Wednesday, April 21, 2010

All about the water

The Press this morning has an important story about the government's abolition of democracy in Canterbury. Papers released to Forest & Bird under the OIA show that Agriculture Minister David Carter was scheming to steal Canterbury's water for his farmer mates long before ECan was reviewed:

A briefing paper to Carter in December last year said the Rakaia WCO set minimum flow and abstraction limits "that restrict the range of options available to resource management decision-makers and water users".

Three "key blockages to achieving the Government's objective" were the uncertain planning framework, the Rakaia WCO and the conditions on resource consents.

"An approach to unlocking irrigation's potential contribution to economic growth in Mid-Canterbury will need to address all three key blockages," the briefing said. Ad Feedback

A December 4 memo to Carter provided "an update on our progress in developing robust advice about how the Rakaia water-conservation order could be varied in order to facilitate irrigation development in Mid-Canterbury".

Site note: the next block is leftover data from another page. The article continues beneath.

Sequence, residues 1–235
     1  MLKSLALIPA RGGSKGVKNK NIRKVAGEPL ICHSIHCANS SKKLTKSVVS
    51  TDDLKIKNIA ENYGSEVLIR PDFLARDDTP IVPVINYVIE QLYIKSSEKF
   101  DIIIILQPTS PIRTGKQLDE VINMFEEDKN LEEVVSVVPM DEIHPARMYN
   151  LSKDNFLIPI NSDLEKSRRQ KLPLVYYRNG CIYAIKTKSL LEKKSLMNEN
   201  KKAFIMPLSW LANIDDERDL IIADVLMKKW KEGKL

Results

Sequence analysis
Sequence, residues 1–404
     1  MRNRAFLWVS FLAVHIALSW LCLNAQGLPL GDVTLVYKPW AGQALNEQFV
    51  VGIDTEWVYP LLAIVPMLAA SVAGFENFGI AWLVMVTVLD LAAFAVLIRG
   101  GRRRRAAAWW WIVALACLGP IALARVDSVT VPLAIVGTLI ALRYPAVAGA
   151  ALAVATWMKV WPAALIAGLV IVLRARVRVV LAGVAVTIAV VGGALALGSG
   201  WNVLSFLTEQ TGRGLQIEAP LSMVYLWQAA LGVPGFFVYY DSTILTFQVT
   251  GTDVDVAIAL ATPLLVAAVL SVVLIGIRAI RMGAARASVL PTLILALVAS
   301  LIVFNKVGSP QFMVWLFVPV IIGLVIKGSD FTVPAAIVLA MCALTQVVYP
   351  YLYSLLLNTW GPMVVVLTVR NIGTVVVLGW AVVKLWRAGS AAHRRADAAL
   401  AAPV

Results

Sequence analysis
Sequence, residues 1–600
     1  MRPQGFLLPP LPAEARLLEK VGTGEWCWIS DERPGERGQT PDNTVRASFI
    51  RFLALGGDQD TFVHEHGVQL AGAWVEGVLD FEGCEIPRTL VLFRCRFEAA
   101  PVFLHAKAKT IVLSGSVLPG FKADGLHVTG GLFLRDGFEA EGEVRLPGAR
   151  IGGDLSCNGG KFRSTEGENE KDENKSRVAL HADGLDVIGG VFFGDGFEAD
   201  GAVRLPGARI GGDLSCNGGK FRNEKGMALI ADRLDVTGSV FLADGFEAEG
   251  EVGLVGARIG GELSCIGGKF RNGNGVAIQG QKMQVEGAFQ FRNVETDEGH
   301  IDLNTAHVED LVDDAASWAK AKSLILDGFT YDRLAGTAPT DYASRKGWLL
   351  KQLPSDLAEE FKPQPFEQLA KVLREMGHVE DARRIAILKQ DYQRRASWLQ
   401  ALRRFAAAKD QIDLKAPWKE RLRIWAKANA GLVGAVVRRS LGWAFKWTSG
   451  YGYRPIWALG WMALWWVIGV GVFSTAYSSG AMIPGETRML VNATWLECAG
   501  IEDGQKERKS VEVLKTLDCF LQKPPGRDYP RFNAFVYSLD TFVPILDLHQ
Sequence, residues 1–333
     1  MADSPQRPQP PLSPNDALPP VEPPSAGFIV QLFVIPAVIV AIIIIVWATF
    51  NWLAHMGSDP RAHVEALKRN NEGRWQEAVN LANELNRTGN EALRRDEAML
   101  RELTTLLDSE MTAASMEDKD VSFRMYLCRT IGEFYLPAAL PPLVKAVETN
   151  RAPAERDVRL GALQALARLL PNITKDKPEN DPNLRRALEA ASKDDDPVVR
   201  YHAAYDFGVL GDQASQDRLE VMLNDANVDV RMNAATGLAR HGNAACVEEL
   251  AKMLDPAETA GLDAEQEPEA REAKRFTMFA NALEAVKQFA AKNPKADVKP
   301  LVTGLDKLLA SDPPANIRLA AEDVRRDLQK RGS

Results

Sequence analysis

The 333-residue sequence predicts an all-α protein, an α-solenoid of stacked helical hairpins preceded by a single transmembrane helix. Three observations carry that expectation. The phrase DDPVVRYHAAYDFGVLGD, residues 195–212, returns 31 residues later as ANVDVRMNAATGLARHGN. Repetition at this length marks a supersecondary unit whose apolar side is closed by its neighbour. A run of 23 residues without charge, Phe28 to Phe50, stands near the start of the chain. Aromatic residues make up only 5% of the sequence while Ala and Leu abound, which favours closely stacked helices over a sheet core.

A December 21 briefing said the Rakaia River was less well-developed than the Rangitata River and "presents an opportunity for enhanced irrigation development".

The briefing said the irrigation storage capacity of Lake Coleridge [which is subject to a Water Conservation Order - I/S] was "key to unlocking the potential contribution of irrigation to economic growth within central Canterbury".

The Canterbury dictatorship not only removes a democratic roadblock to this plan, it has also granted the Minister for the Environment new powers to amend WCOs when the effect is "minor". What counts as "minor" of course will depend on how much money farmers make out of it. And so we will have Water Conservation Orders which do not conserve, but rather enable the further destruction of rivers by Canterbury's rapacious farmers.

This is clear evidence that the government has acted in bad faith. The removal of ECan's elected members was never about governance; it was always about finding a way to steal Canterbury's water and give it to National's donors. If this happened in the third world, we'd call it what it is: a corrupt looting of the state.